Katmai National Park has been part of the national park system since 1918, just two years after Congress created the National Park Service. Located about 300 miles southwest of Anchorage, Katmai’s attractions have evolved from the aftermath of an epic volcanic eruption to world-class fishing to the place to go to see brown bears catch salmon. These attractions have yet to attract the hordes of people who visit other national parks, and Katmai remains one of the least visited of the 59 national parks. The Park Service is responsible for managing Katmai consistent with the Organic Act’s dual goals of enjoyment and conservation. In practice, Katmai experiences much more conservation than enjoyment. The proposals to increase visitation to Katmai have failed because of a consensus that not all national parks are alike even though the law governing them is nearly the same. Katmai’s history of benign neglect by Congress and the courts demonstrates that the Park Service is capable of managing remote national parks in a manner that achieves the law’s goals while serving the public’s desires.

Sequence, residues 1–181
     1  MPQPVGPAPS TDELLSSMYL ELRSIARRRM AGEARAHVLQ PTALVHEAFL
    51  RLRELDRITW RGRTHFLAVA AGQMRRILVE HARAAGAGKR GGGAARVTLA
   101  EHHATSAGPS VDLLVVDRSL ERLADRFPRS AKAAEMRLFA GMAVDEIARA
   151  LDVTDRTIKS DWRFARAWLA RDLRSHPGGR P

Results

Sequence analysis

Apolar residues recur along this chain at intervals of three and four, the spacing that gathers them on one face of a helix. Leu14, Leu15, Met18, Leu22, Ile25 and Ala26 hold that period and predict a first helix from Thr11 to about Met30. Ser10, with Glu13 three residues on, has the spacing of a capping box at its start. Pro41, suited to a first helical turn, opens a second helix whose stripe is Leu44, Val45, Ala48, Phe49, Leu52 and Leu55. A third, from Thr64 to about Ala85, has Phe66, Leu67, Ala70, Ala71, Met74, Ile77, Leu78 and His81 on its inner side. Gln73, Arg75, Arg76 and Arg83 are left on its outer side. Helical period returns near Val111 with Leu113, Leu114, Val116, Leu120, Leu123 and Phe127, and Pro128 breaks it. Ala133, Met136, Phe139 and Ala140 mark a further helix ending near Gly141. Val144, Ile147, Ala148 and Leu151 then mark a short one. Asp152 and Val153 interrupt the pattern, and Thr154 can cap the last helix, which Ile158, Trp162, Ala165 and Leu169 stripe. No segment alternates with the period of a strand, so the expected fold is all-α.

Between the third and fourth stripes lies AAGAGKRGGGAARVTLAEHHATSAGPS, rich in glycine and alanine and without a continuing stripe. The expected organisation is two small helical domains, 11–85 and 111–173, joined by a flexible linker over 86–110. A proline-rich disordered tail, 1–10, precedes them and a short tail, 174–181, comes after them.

John Copeland Nagle,
33 Alaska Law Review
Available at: https://scholarship.law.duke.edu/alr/vol33/iss1/4